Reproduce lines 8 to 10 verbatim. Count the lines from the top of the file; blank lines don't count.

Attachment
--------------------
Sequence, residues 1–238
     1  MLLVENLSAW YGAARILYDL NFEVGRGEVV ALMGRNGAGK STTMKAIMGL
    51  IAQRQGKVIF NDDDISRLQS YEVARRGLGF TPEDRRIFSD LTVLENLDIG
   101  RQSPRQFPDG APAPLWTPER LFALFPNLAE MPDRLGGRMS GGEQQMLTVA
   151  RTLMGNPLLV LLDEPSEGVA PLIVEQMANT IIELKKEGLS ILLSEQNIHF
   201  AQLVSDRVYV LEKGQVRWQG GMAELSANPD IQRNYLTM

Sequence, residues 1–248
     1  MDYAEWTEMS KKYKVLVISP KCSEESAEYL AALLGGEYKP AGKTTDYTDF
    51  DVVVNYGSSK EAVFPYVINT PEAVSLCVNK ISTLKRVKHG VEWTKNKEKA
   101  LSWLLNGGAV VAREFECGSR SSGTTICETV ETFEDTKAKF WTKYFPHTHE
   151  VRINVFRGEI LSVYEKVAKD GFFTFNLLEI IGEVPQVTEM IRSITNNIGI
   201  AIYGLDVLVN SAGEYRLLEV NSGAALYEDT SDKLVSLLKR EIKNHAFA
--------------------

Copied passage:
     1  MDYAEWTEMS KKYKVLVISP KCSEESAEYL AALLGGEYKP AGKTTDYTDF
    51  DVVVNYGSSK EAVFPYVINT PEAVSLCVNK ISTLKRVKHG VEWTKNKEKA
   101  LSWLLNGGAV VAREFECGSR SSGTTICETV ETFEDTKAKF WTKYFPHTHE